Consider, first, the pitch conditions at the Ato Bolden Stadium:
Nothing about Tuesday night's World Cup qualifier (8 pm ET; BeIN Sports, NBC Universo) looks like it's going to be pleasant. There will be puddles, and there will be highlight-reel-for-all-the-wrong-reasons slide tackles, and I simply doubt that there will be much in the way of build-up play from either side.
Lucky bounces will be important, and set pieces will be especially important. It's one of those "just find a way to get a result" games, and if the Yanks manage that, they'll have officially punched their ticket to Russia.
What Trinidad & Tobago Will Do
• Sit deep and counter
The Soca Warriors had 32 percent of the ball in Friday's 3-1 loss at Mexico. They completed a decent-enough 69 percent of them, but that number cratered to below 30 percent in the attacking third, and zero percent on crosses. More than 25 percent of their passes were long-balls.
This is just pure, Route 1 goodness:
There's an obvious difference between playing at Mexico and playing at home, of course. T&T will be a little more aggressive in getting on the ball and trying to do actual soccer things, and
both Kevin Molino and(*) Joevin Jones will probably start, so the US can expect to see at least a few dangerous, inverted runs coming in off the wings of the likely 4-1-4-1 the Soca Warriors will trot out.
(*) Molino's out via yellow card accumulation. Thanks Phil!
But the basic gameplan will be the same on Tuesday as it was on Friday. Sit, be compact, then go long and direct as hell. And maybe in the process, ruin the USMNT's chances of going to the World Cup.
What the US Should Do
• Dominate in the air and on second balls
No Kenwyne Jones means no big, strong, dominant target forward for T&T, which should make knockdowns of those long-balls a little bit less dangerous (the above goal notwithstanding). Still, the Trinidadian forward contingent here aren't tiny, and they are not afraid to contest literally anything hoofed out of the back. And there will be tons of balls hoofed from the back.
The US need to win those first headers, and in guys like Geoff Cameron and Omar Gonzalez, they have the ability to do so. More important, though, is that they have to win those second balls at midfield once the header is either knocked down, or cleared back up into the scrum. Thus far that has simply not been a strong point for the US under Bruce Arena.
Part of the reason for that is Arena's habitually gambled upon leaving central midfield relatively barren in exchange for a more attack-oriented approach. We saw this in its glory on Friday, that 4-0 win over Panama fired by the US overwhelming the opposing defense with five attackers.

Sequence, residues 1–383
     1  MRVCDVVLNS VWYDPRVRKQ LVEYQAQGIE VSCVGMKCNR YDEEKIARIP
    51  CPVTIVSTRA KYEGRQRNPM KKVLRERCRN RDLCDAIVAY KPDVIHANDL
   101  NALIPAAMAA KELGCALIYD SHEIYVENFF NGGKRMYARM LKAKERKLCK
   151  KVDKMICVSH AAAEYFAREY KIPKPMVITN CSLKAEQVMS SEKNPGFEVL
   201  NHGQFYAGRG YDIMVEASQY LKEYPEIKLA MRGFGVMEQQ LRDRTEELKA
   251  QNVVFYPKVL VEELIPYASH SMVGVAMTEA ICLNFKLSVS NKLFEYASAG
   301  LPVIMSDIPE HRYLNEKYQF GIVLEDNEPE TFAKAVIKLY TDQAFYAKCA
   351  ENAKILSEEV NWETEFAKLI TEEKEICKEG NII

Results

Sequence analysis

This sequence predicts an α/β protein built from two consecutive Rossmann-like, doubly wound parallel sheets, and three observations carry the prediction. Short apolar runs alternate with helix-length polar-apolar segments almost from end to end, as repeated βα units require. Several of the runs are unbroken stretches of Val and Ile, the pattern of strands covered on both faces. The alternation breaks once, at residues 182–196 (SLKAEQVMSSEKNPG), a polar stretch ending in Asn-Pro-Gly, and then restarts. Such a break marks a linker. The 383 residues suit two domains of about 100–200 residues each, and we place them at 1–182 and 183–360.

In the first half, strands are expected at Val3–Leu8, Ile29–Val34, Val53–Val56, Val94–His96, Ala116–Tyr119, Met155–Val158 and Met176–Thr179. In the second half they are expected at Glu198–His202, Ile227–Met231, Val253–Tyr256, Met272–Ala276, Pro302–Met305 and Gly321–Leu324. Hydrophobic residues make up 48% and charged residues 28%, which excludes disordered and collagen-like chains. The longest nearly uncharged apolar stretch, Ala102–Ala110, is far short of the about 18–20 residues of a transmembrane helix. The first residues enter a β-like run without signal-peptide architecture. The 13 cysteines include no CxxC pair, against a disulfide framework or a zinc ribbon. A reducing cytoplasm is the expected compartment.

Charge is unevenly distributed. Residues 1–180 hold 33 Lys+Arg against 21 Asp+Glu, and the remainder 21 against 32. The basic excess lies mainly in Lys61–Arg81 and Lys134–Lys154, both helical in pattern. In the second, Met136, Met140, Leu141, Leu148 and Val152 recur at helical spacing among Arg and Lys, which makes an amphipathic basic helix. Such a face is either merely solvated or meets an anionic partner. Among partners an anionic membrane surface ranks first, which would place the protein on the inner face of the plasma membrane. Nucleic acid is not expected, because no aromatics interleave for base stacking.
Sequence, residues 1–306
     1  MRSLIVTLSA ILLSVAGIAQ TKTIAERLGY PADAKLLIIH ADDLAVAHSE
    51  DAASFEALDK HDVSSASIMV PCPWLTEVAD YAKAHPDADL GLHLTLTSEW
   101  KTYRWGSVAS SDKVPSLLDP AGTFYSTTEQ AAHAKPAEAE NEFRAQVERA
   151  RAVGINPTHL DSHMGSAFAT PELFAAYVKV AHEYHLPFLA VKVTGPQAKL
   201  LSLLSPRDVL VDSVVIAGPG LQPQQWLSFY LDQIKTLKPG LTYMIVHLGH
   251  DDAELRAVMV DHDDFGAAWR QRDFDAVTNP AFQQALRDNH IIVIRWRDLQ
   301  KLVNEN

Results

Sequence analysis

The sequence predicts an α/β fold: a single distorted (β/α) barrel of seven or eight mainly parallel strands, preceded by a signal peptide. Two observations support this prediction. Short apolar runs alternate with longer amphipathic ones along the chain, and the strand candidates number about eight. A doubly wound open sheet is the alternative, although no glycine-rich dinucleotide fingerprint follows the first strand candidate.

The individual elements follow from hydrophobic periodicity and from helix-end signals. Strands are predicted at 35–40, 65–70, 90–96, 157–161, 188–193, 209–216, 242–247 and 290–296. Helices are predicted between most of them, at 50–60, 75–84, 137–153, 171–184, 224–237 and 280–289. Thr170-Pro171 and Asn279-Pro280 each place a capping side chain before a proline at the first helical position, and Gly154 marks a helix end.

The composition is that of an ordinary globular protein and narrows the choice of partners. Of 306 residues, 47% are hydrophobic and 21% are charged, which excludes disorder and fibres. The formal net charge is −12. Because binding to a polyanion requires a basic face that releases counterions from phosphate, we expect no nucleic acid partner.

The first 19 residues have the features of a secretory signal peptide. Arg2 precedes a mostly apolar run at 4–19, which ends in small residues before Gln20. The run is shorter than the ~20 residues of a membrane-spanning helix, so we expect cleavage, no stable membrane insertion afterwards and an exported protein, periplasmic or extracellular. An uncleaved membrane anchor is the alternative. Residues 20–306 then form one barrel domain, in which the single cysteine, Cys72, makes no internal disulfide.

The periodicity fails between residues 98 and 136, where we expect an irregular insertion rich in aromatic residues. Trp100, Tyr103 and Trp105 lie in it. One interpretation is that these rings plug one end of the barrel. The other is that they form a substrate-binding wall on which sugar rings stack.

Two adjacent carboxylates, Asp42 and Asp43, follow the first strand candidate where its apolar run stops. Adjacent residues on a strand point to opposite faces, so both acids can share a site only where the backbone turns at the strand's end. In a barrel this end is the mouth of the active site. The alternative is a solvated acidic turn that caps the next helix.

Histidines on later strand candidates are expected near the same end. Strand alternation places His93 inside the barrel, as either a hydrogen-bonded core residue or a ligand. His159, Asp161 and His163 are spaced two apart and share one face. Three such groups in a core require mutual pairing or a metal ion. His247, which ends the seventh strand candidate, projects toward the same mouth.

We could very well see the same thing at T&T. What I'd prefer, though, is this:
It's a 3-5-2/5-3-2. I chose Dax McCarty ahead of either Kellyn Acosta or Alejandro Bedoya as Michael Bradley's deep central midfield partner strictly because Dax is the best of the bunch at winning those second balls. I also chose Clint Dempsey over Jozy Altidore because Dempsey's a mudder – if there's anybody destined to score a record-breaking goal in a swamp, it's Deuce.
I also just want to get three center backs on the field. First, it helps when dealing with the inevitable fusillade of T&T punts. Second... set pieces. The US haven't been great (or even "good", really) defending them for half-a-decade now. Adding a third center back makes sense, given the stakes.
It also makes it much less likely that the US will be able to send numbers forward and just overwhelm the hell out of T&T like they did to Panama, but the field conditions would make that a risky strategy anyway. For this one, I'm content with the idea of a Dempsey – Bobby Wood – Christian Pulisic triumvirate with occasional up-the-flanks help from Jorge Villafaña or DeAndre Yedlin. That really should be enough.
A few more variables we'll tackle bullet-point style:
• Arena has been a big believer in squad rotation, so don't be surprised if we see the likes of Tim Ream and DaMarcus Beasley out on the field. YMMV on how much you approve or disapprove of this.
• People freaked out of Cameron not making an appearance on Friday, but I'm convinced it was because they didn't want to overwork his balky hamstring. He'd missed most of September for Stoke, only coming back last weekend – during which he played 90 minutes at the center of a back three.
The turnaround from Saturday-to-Friday was probably a little bit too tight. Now he's got an extra four days rest, and I'll bet you an arm he's in the XI.
• A win and the US are officially in. A draw would certainly do it as well, given current goal differential (the US are +5, Panama are -2 and Honduras are -7). A loss... a loss and the US could end anywhere from third to fifth place, depending upon other results.
It's all still there to play for.